By Michael Voss, Senior Staff Engineer, Intel Developer Products Division and Terry Wilmarth, Software Engineer, Intel Developer Products Division
Multi-socket servers and workstations built using the new generation of Intel® Microarchitecture, codenamed Nehalem use the Intel® QuickPath Technology and therefore are distributed shared memory systems. This paper discusses the performance impact of non-uniform memory access on Intel® Threading Building Blocks (Intel® TBB) applications. First, the concept of non-uniform memory access (NUMA) is defined and its implications on software performance discussed. Next, the core design of the Intel® TBB library is explored in the context of NUMA platforms, showing that the library has been built from the outset to perform well on these platforms. Following this, a few select Intel® TBB features are highlighted that are of particular importance for NUMA platforms, including the Intel® TBB scalable memory allocator and the affinity partitioner. This paper also presents scalability studies of benchmarks run on three NUMA systems.
What is a Non-Uniform Memory Access Platform?
Figure 1 presents examples of uniform and non-uniform memory access architectures. On both platforms, there are processors with caches and a main memory. The difference between a symmetric multiprocessor (SMP) and a NUMA system is the time (latency) required to satisfy cache misses.
In a uniform memory access system as shown in Figure 1(a), the time needed for a processor to access a memory block in the main memory does not depend on which processor or block is involved. The path from each processor to each memory block has the same latency.
In a NUMA system as shown in Figure 1(b), memory blocks are distributed across the processors. Therefore, if a processor misses in its last level cache, the time it takes to satisfy the miss will depend on whether the block is found in that processor’s local memory or a remote memory .
It is important to note that as long as the data stays in the cache, the processor has quick access to it regardless of whether the platform is an SMP or NUMA system. It is only when data must be fetched from main memory that the differing latencies impact performance.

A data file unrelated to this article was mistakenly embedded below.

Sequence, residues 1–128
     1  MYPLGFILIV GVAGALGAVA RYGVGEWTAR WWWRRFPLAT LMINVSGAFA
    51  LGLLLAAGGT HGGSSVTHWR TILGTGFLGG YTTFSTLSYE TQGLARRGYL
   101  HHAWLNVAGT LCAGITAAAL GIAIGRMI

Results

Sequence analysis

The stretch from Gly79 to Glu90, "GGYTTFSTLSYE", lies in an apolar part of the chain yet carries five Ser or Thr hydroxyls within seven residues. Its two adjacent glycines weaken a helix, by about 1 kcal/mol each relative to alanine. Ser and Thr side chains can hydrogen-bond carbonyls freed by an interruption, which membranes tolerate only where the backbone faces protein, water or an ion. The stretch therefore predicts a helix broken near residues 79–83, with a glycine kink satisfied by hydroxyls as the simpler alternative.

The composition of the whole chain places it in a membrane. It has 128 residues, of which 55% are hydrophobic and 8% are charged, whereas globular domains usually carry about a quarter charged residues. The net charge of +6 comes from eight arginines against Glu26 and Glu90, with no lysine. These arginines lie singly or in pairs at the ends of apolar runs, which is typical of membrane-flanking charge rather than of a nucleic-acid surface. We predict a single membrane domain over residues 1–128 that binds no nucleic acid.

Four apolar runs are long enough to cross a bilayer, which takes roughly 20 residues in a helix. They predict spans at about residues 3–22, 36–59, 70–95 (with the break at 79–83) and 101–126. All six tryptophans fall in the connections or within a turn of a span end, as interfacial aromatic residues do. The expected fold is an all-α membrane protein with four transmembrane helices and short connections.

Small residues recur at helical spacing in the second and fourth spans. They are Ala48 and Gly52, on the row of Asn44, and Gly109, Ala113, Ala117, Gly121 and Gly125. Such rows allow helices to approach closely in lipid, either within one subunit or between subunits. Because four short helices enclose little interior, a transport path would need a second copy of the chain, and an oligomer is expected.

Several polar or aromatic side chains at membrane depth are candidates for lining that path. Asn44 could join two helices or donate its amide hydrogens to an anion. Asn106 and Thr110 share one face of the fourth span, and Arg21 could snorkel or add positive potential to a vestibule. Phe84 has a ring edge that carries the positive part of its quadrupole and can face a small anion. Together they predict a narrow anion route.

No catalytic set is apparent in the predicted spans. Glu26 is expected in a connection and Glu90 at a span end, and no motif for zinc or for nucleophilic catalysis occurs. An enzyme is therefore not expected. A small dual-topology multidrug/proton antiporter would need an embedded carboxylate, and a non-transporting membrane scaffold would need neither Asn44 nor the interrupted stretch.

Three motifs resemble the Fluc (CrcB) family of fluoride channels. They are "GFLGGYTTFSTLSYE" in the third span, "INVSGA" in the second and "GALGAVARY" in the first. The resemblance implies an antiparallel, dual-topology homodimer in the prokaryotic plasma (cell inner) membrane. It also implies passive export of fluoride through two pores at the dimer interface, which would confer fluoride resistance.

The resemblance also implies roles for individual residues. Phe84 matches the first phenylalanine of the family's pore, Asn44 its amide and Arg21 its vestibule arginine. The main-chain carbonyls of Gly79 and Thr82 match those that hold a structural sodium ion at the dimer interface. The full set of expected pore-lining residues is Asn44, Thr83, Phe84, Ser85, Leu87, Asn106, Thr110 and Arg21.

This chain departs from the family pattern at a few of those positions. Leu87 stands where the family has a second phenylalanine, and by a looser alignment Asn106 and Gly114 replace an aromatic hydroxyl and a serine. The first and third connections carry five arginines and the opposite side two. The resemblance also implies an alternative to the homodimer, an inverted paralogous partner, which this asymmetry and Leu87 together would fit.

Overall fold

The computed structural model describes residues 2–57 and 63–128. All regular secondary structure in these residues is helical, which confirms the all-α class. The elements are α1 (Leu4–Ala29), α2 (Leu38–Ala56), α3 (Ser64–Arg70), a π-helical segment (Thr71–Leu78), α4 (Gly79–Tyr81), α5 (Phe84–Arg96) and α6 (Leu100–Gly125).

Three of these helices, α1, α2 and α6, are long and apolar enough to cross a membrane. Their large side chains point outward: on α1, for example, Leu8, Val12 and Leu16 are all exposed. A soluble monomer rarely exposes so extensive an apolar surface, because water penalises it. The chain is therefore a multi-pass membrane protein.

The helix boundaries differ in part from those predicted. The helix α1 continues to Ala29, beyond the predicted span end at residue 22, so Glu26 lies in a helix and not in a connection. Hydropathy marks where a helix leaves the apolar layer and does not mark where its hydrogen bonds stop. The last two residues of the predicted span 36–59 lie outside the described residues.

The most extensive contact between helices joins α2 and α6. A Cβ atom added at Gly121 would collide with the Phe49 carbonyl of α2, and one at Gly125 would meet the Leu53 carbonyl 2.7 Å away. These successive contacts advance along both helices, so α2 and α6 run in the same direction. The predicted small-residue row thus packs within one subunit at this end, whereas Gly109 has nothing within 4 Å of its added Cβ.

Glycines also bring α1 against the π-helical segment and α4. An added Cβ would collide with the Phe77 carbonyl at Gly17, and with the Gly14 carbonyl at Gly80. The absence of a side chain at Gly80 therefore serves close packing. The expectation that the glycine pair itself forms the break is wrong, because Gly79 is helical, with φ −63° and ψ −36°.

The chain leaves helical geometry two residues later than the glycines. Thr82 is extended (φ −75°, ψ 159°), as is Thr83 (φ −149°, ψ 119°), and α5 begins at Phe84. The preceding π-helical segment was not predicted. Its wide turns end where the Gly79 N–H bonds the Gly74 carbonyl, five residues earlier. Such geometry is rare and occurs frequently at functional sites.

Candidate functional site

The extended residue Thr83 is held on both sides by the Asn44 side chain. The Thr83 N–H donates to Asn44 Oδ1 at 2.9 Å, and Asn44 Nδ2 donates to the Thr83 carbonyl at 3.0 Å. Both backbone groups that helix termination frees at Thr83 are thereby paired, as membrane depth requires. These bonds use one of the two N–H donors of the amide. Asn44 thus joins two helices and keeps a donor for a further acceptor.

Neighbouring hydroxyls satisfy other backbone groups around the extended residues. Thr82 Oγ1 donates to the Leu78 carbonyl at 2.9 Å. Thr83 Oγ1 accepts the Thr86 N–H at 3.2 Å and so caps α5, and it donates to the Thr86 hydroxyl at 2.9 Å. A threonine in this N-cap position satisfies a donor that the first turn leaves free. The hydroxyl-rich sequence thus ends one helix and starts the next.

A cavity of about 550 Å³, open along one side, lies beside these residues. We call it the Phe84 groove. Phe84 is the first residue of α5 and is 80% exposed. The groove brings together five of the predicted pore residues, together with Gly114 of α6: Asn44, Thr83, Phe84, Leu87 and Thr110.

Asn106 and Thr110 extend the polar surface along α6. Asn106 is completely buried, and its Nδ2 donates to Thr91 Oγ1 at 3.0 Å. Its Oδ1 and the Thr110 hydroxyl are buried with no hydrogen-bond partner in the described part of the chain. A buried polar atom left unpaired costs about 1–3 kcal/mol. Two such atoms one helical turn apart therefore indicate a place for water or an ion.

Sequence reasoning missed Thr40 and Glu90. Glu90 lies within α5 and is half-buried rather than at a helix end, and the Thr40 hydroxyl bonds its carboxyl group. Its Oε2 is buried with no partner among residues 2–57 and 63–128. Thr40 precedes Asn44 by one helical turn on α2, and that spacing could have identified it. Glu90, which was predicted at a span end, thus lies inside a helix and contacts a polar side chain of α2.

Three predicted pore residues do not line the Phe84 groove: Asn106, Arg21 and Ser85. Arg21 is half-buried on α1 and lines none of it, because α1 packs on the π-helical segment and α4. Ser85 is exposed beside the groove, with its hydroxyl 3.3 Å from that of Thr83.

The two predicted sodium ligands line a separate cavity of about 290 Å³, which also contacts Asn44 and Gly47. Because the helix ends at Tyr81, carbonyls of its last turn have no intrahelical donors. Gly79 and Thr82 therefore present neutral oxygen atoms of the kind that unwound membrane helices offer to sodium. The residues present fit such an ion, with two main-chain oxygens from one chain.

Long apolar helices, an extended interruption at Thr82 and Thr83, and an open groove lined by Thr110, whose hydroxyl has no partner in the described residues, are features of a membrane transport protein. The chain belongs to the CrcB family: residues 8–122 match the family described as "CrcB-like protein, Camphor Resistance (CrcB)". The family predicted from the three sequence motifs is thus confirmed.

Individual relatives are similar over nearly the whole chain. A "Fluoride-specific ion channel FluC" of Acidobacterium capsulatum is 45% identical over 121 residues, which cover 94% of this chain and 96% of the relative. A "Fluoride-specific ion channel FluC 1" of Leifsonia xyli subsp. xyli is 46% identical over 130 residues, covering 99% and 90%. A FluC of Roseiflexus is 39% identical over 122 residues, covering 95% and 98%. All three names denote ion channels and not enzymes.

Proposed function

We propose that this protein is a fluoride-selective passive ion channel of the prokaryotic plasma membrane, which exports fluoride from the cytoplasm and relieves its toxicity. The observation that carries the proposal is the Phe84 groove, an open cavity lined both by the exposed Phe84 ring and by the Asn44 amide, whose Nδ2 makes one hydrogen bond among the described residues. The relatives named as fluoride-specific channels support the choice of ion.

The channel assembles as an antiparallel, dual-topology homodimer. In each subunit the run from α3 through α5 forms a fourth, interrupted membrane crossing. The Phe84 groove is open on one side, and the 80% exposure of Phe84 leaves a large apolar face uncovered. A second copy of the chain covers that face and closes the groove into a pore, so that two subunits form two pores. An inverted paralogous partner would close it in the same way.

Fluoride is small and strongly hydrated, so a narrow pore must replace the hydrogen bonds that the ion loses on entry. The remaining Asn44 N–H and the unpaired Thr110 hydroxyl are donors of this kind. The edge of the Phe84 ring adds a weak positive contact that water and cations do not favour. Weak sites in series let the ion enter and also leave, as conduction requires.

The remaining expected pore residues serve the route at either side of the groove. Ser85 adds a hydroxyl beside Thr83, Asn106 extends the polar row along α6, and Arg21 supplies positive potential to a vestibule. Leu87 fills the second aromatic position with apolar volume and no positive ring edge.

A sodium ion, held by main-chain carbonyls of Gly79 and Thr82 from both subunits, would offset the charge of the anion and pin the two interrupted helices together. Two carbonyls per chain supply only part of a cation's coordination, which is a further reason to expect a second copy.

The Implications of NUMA on Software Performance
In some ways, NUMA simply adds another level to consider when tuning applications to make best use of the memory hierarchy. Just as applications may be tuned to preserve data locality in order to take advantage of data caches, applications may also be tuned to satisfy more of their cache misses from local memory than from remote memory.
To tune for NUMA, one must know what data will be accessed by a thread or task. Knowing this, the task can then be scheduled to execute on a processor that is close to the data – or the data can be placed near the processor where the task will execute. Unfortunately, for most non-scientific applications, it is challenging to know exactly what data will be accessed by a task due to the complex control flow, data structures and modularity that are common in general purpose software. Lacking this information, it is nearly impossible to make good task and data placement decisions.
An alternative to strict data and task placement is to rely on locality optimizations for performance. With this approach, data and tasks are not explicitly placed near specific processors, but instead locality optimizations reduce the likelihood of cache misses. It is this approach that is taken by the Intel® TBB library and will be the focus of the remainder of this paper.
Intel® TBB Exploits Data Locality by Design
Intel® TBB is a C++ library that provides generic parallel algorithms, concurrent containers, a task scheduler and other features for multi-core programming. Intel® TBB has been developed and tested on a wide-range of platforms, including NUMA systems. The library provides scalable and portable performance by using cache oblivious algorithms to enhance locality and a work-stealing scheduler to balance load.
Cache oblivious algorithms are designed to exploit data caches without knowing the details of the caches, for example their sizes, line sizes, associativity, etc. In practice, these algorithms often involve recursive subdivision of problems into progressively smaller problems that eventually fit within a data cache. In Intel® TBB, many of the loop algorithms such as parallel_for, parallel_reduce and parallel_scan support cache oblivious algorithms.
The general design of the underlying Intel® TBB task scheduler is also based on a cache oblivious philosophy. Threads execute tasks that were most recently created in their own local task pool and are likely to be hot in their caches. However, if a thread runs out of work, it steals work from another thread’s task pool (the victim’s pool). To limit impact on the victim’s cache performance, the oldest task in that thread’s pool will be stolen – a task that is less likely to be hot in the victim’s cache.
Since these algorithms do not rely on precise knowledge of the memory hierarchy configuration, they provide good cache reuse while also providing performance that is portable across platforms. The Intel® TBB library is designed to use caches efficiently, thereby reducing the impact of misses (local and remote) by making all types less frequent.
Preserving Locality in Intel® TBB Algorithms